Our goal for being off the grid has been to produce all of our power from renewable sources (solar, hydro, wind, wood gas, steam, hydrogen, etc) and not rely on fuel sources that must be purchased (gasoline, diesel, propane, etc). But particularly in northern climates, it takes time to achieve that unless one has a bundle of money up front to invest in a very large renewable energy system. Because of this, many people getting started with renewable energy begin with a small basic system and build up from there as budget allows. Many times this initial system is not "renewable" energy but rather "alternative" energy as it involves the use of a fuel powered generator, to a greater or lesser extent.
In my years of experience living off the grid (since the late '90s), I have found batteries to be the most expensive and troublesome component of a renewable energy system over the long run. With that in mind, I knew there must be a better solution than the standard "go-to" batteries such as Trojan L-16's and T-105's or even the high-end Surrette's or super high-end Solar One batteries. While the high-end batteries mentioned often work very well, they are quite expensive. So for years, I have kept my eyes open for a better solution.
This last spring, we were away from home for a few months on a seminar trip. In preparation for the trip, I pondered how best to prepare my battery for such a long period away from my watchful eye. There were two main concerns I had about leaving it home alone for months and gaining an understanding of these has helped me in fine tuning my charging settings:
For the last 6 years I have lived with an Outback VFX inverter. That may sound like a pretty close relationship and it is! When you live off the grid and need good clean electricity for work, the inverter play an important part in one's life. But a truly fine inverter is so hassle free that it demands attention only when you require it to do something different than it has been doing (i.e. turn it off while on a trip, equalize, etc). After getting married and moving into a rental homestead (temporarily until we build our own), I found myself using a spare modified sine wave inverter I had owned for some time...and wishing I wasn't!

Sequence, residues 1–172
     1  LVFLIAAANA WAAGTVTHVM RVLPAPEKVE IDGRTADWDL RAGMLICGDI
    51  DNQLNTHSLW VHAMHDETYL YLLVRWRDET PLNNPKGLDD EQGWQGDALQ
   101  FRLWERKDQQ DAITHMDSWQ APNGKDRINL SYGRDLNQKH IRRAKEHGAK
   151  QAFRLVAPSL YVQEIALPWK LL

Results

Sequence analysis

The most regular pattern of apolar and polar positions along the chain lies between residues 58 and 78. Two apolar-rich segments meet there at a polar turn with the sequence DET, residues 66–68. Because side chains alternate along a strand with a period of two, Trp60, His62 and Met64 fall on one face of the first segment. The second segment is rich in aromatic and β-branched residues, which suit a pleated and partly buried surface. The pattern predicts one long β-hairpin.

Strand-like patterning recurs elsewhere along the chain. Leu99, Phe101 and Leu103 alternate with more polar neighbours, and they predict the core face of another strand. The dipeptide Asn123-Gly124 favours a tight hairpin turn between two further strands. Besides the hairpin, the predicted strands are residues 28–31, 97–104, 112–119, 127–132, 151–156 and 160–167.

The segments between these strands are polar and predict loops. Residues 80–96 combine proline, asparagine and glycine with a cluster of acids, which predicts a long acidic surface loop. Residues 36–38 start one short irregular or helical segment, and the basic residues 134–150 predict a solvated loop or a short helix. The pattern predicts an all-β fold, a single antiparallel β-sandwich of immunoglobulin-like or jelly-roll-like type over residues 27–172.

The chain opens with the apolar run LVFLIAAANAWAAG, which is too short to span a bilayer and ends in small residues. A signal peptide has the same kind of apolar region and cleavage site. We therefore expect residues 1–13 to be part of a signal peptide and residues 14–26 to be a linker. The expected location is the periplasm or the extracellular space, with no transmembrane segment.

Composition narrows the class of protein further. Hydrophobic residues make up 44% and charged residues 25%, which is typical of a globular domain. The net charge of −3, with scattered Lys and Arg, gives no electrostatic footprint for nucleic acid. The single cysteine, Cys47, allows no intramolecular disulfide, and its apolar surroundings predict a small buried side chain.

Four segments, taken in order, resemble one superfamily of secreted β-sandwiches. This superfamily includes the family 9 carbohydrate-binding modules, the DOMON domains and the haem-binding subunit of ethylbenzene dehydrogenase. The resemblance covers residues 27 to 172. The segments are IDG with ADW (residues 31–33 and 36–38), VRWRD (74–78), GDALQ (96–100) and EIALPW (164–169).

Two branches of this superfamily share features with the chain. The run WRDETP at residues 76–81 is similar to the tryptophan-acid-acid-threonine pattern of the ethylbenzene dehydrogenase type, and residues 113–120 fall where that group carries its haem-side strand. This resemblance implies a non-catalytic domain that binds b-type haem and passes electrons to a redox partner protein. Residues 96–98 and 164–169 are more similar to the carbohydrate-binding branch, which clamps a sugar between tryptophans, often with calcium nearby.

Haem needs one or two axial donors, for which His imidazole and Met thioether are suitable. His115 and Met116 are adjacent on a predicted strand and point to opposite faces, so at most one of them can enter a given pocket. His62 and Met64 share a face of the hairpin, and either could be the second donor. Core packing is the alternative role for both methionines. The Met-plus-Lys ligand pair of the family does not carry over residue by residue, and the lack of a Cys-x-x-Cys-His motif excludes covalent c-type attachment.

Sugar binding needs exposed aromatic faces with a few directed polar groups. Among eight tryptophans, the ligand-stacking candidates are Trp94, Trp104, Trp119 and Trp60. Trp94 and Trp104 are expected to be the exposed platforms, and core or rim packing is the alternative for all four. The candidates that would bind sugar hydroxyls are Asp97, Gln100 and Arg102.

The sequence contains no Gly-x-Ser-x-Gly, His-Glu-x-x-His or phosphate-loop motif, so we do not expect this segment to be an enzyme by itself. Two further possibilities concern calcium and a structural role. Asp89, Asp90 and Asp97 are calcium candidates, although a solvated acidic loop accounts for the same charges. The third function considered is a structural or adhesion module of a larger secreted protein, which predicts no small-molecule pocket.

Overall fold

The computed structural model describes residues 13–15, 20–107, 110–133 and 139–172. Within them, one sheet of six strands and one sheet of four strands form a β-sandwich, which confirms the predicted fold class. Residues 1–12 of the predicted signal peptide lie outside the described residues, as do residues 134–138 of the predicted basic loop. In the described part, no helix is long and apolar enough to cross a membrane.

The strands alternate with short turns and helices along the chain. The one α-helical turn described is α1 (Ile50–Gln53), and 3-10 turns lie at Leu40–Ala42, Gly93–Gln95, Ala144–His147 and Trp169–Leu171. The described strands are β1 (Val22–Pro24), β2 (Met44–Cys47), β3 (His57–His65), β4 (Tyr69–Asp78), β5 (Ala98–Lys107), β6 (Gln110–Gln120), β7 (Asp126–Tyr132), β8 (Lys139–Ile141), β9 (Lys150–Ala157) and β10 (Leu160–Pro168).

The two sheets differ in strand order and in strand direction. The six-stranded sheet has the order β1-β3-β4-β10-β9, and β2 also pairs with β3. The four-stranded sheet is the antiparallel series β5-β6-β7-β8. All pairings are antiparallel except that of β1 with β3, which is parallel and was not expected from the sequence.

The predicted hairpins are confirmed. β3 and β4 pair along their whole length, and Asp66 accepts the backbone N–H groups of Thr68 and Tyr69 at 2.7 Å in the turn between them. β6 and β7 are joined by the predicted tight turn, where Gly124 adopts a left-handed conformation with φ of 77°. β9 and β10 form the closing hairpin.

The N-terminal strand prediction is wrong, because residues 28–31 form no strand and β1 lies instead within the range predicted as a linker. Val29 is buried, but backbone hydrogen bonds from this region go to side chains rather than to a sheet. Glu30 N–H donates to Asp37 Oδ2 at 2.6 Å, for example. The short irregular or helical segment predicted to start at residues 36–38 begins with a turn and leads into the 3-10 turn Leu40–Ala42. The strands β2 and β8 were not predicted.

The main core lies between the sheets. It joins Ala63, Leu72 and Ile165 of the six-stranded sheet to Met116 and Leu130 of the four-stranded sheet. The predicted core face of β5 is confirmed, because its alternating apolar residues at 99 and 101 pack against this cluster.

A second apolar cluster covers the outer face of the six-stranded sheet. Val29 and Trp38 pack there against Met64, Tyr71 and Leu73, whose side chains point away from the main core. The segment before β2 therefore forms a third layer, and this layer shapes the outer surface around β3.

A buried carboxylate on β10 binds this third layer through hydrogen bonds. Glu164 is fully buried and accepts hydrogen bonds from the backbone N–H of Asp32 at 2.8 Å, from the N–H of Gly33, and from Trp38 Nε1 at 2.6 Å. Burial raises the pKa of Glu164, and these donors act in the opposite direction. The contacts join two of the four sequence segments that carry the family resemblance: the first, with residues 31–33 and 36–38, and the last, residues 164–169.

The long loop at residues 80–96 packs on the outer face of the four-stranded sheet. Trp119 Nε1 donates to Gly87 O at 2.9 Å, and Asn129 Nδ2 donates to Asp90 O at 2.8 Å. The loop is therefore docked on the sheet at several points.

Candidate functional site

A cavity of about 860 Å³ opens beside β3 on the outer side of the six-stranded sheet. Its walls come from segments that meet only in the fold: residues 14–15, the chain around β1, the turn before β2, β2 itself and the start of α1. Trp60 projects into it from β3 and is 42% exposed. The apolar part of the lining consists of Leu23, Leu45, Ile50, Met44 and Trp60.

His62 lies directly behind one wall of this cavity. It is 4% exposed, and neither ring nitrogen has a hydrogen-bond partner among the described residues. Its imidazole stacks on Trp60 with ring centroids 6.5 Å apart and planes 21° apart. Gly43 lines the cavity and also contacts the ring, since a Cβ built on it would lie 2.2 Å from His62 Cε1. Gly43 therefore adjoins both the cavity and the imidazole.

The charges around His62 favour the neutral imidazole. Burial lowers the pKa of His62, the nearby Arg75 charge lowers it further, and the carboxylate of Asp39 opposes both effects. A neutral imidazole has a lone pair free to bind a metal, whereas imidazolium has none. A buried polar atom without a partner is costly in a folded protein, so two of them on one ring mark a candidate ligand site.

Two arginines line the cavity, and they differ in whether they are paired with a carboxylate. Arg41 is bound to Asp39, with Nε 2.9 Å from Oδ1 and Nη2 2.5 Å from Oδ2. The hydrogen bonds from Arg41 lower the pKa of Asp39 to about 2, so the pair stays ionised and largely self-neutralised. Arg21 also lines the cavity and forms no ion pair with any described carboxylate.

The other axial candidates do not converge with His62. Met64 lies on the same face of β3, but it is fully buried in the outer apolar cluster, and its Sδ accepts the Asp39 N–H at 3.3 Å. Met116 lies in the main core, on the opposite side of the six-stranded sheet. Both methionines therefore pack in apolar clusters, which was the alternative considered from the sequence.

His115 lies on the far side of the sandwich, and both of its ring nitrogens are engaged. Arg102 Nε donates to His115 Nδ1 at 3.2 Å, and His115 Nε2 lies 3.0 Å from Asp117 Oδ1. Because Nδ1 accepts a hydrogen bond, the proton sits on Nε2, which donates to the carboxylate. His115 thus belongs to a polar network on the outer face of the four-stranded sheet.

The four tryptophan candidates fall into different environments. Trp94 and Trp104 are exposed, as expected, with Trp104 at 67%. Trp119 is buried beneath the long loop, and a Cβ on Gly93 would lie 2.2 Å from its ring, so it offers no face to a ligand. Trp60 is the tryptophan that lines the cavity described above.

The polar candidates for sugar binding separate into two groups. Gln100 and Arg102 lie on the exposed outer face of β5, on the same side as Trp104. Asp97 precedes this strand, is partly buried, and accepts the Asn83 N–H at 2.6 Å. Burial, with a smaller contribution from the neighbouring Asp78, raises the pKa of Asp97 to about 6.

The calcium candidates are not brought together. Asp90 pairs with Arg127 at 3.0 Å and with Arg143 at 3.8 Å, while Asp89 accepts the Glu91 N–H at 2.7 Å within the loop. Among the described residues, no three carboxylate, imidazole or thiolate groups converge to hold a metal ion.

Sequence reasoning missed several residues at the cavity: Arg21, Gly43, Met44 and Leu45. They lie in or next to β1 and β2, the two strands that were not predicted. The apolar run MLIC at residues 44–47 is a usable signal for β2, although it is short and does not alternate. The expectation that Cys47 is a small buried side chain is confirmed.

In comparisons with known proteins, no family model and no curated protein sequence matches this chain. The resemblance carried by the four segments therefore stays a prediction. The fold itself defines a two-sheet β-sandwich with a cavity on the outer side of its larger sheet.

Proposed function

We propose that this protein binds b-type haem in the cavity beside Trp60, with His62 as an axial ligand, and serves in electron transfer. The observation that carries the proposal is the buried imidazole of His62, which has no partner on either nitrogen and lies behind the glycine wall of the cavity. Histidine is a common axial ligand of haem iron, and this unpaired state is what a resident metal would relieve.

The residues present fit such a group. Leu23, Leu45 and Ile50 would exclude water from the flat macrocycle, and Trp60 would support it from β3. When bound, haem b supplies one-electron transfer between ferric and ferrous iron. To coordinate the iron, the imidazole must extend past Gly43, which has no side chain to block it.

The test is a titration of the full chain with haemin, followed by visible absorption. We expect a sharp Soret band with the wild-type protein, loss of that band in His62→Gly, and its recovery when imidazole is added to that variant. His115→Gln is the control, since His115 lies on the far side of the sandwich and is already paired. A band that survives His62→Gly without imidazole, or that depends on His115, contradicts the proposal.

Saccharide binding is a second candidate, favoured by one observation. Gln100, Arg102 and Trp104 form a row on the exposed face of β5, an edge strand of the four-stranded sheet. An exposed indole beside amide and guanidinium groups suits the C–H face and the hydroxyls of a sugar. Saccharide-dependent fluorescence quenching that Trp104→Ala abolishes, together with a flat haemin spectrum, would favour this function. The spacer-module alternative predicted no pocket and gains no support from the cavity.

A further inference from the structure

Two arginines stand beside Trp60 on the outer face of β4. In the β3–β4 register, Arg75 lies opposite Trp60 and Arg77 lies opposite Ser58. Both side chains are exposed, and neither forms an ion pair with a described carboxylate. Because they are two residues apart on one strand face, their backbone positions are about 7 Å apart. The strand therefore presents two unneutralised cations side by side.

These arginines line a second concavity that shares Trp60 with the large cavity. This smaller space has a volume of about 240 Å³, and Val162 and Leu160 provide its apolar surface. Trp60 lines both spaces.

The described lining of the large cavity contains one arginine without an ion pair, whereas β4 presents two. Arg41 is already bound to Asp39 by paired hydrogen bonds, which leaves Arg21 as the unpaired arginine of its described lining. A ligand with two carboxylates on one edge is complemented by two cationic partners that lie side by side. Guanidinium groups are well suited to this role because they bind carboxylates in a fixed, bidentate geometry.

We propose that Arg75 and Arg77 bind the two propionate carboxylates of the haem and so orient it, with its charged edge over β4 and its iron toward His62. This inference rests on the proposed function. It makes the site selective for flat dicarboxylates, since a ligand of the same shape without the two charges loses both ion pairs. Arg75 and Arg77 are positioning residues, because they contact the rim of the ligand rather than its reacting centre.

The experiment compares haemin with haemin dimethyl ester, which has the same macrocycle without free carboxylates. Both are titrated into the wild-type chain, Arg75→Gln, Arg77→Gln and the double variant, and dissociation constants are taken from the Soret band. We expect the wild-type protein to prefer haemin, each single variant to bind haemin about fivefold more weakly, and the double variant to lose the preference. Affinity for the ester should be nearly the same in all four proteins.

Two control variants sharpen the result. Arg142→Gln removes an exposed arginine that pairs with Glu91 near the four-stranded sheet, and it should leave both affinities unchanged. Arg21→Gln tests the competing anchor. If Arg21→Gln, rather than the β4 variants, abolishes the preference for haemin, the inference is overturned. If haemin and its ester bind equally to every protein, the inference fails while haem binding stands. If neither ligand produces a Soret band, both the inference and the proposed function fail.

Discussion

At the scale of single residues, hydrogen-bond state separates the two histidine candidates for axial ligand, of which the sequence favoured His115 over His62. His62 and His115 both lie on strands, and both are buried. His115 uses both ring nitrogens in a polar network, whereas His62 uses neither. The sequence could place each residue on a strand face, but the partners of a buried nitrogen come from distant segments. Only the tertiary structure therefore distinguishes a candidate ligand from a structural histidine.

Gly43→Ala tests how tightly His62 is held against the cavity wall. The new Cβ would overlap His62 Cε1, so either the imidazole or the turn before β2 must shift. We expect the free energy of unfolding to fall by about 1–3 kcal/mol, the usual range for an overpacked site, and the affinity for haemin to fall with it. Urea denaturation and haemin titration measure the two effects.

For a comparison, see Inverter comparison: Magnum MS series vs Outback VFX series.
If there is one word that could summarize the Magnum MS series inverters, it would be "simplicity". That can be a good thing as long as its not so simple and automatic that necessary customizations are impossible. I think Magnum has done a good job of balancing this simplicity with their MS Series inverter. Initial programming took all of about 5 or 10 minutes but yet I can adjust or customize the items I really need to. While I personally don't mind dealing with a lot of options, this could be a real blessing to some.
Any recent inverter worth it's salt has the capability to automatically start a generator. At least one that is equipped with electric start and remote control capabilities. Of course there are a number of pieces of criteria to be met. Things like battery voltage below a certain point, battery state of charge below a certain level, regularly scheduled generator exercise, etc. Depending on which inverter you have it can do a number of different things. It is capable of starting the generator, can let it warm up for a given period of time, run a complete charge cycle, and run cool down time before turning the generator off. So the question is, would this be a useful feature to take advantage of?